My current projects (April 2019)

I’m employed as a lecturer at the Family Action Centre (FAC), University of Newcastle (Australia) which is a great place for somebody with my interests as the FAC incorporates teaching, research, and the delivery of family and community programs. (Before moving into a more academic role I was employed as a community worker supporting permanent residents of caravan parks.)

There is always something interesting going on. Here are some of the projects I’m currently involved in.

Teaching

In 2013, the Family Action Centre introduced the first Australian postgraduate program in family studies (a Graduate Certificate of Family Studies and a Master of Family Studies) and we also offer a range of undergraduate subjects, focusing on family studies, in the Bachelor of Social Science and available as electives in other degrees.

This year I’m teaching three online subjects (all our teaching is done online to allow students from anywhere in Australia or even the World to study with us):

Best practice and trends in counselling and mediation services in NSW:  A collaborative case study of Uniting

I’m the project manager (with Tamara Blakemore from Social Work as the Chief Investigator) on this major research project exploring three primary research questions:

  1. What does the existing evidence base identify as principles for best practice in terms of counselling and mediation services in the context of post-separation?
  2. How do Uniting’s counselling and mediation services achieve positive outcomes for their clients?
  3. How can counselling and mediation services measure the impact/outcomes of their services?

The research focuses on Uniting counselling and mediation services in Central Sydney, Nowra, Wollongong, Campbelltown, Fairfield, Penrith, Parramatta, Gosford and Newcastle and includes a number of stages:

  1. A rapid review of current evidence of best practice in post-separation counselling and mediation services
  2. One-on-one interviews with 36 staff exploring the research questions (especially Questions 2&3)
  3. An online survey for families who have used Uniting’s counselling and mediation services about their experience
  4. Workshops with staff to reflect the implications for practice of the information we have gathered.

Funded by Uniting

Project team includes: Tamara Blakemore (University of Newcastle), Graeme Stuart, (University of Newcastle), Duncan Cameron (Uniting), Milena Heinsch (University of Newcastle), Amanda Howard (University of Sydney), Tom Mclean (Uniting), Chris Krogh (University of Newcastle), Shaun McCarthy (University of Newcastle).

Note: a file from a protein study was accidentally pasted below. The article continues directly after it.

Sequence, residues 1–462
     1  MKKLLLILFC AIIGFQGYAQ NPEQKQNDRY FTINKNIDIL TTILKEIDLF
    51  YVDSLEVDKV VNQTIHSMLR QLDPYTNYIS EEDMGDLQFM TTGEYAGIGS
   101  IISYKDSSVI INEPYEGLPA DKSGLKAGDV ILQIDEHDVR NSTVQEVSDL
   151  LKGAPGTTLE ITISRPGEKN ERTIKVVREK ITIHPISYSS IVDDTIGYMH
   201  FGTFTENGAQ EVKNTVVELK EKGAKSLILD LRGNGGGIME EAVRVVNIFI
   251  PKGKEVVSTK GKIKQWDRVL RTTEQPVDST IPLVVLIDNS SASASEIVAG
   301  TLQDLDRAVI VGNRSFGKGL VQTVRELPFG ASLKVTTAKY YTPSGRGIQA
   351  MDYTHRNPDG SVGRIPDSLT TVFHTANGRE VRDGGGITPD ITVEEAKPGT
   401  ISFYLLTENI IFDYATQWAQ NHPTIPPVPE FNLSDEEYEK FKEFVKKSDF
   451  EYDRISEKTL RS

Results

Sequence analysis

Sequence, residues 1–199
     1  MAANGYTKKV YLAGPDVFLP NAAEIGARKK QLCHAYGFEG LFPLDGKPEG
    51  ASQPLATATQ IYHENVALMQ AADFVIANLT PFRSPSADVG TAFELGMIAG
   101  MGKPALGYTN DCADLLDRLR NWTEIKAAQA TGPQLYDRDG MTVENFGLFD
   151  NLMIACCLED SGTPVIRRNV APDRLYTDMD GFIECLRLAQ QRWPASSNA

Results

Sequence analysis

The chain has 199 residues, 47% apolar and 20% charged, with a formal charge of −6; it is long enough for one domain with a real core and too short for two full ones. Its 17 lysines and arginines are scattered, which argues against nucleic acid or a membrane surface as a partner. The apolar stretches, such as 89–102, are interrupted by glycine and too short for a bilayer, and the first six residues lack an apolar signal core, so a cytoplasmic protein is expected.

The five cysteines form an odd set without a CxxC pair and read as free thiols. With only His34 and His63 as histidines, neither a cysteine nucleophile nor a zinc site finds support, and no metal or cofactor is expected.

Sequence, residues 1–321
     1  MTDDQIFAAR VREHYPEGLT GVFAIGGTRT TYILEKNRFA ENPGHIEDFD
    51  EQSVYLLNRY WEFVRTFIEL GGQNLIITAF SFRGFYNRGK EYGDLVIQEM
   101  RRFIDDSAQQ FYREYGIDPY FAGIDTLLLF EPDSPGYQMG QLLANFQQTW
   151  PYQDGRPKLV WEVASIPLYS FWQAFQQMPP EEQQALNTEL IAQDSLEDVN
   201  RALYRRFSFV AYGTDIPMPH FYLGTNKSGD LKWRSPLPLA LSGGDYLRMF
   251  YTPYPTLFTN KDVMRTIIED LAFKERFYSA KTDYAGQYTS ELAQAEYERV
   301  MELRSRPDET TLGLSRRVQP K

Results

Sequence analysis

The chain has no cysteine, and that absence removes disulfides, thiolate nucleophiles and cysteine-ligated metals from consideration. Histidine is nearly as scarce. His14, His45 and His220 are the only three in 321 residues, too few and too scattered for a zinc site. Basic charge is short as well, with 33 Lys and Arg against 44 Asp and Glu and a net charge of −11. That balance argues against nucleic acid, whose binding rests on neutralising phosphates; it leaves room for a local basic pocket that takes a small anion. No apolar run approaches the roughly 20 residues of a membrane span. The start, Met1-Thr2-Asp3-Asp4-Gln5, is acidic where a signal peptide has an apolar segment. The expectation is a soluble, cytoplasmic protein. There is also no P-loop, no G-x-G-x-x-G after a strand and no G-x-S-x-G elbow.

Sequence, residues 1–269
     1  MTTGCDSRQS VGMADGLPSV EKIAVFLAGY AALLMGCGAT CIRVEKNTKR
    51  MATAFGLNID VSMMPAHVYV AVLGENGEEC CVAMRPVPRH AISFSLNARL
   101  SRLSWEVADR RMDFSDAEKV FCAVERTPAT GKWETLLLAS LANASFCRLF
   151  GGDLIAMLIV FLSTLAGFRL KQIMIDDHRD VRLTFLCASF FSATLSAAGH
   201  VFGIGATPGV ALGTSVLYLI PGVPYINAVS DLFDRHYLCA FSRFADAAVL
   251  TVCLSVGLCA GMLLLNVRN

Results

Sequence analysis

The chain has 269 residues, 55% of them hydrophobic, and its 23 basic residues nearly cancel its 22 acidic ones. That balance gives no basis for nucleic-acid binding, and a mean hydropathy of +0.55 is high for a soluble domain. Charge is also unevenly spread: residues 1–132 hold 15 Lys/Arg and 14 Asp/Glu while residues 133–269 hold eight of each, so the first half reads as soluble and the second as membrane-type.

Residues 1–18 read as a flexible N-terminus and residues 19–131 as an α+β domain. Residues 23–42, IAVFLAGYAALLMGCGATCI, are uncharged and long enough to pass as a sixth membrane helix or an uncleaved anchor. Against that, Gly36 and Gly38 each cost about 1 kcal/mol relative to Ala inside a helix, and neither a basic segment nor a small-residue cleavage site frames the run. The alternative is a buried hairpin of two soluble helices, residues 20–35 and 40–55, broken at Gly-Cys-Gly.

Alternatives to Violence Project

I helping to facilitate Alternatives to Violence Project (AVP) workshops, with a particularly focus on parents and recently released prisoners. As well as the workshop facilitation, I’m working with AVP NSW and the NSW Service for the Treatment and Rehabilitation of Torture and Trauma Survivors (STARTTS) on an evaluation of the impact of AVP workshops on social capital, and supporting the Red Cross in Tasmania to evaluate a project, also with refugees and new arrivals, based on AVP.

At an international level, I’m a co-convenor of the AVP international research sub-committee  which is promoting research within AVP. Some of the projects we’re working include creating a collection of literature on AVP, developing a program logic and creating some sample workshop feedback sheets . Through my involvement on the sub-committee, I’m working with a small team working on a couple of books about the AVP.

Nonviolence is very relevant to the work of the Family Action Centre, there is lots of potential for research and research grants, and it is work I’m passionate about. I’m hoping that this will become an increasing focus over the coming years.

Partners include: Newcastle Family Support, Samaritans Foundation, STARTTS, Red Cross Tasmania.

Uni4You: A case study of a community-based University widening participation program

I’m working on a research project with Uni4You, a Family Action Centre widening participation strategy supporting people with little access to lifelong learning and who never considered university as a possibility. Uni4You provides information sessions, preparatory workshops, learning support groups and scaffolded case management over 18–30 months to support participants as they make informed decisions about enrolling in enabling programs, journey through an enabling program and explore other lifelong learning opportunities or other options.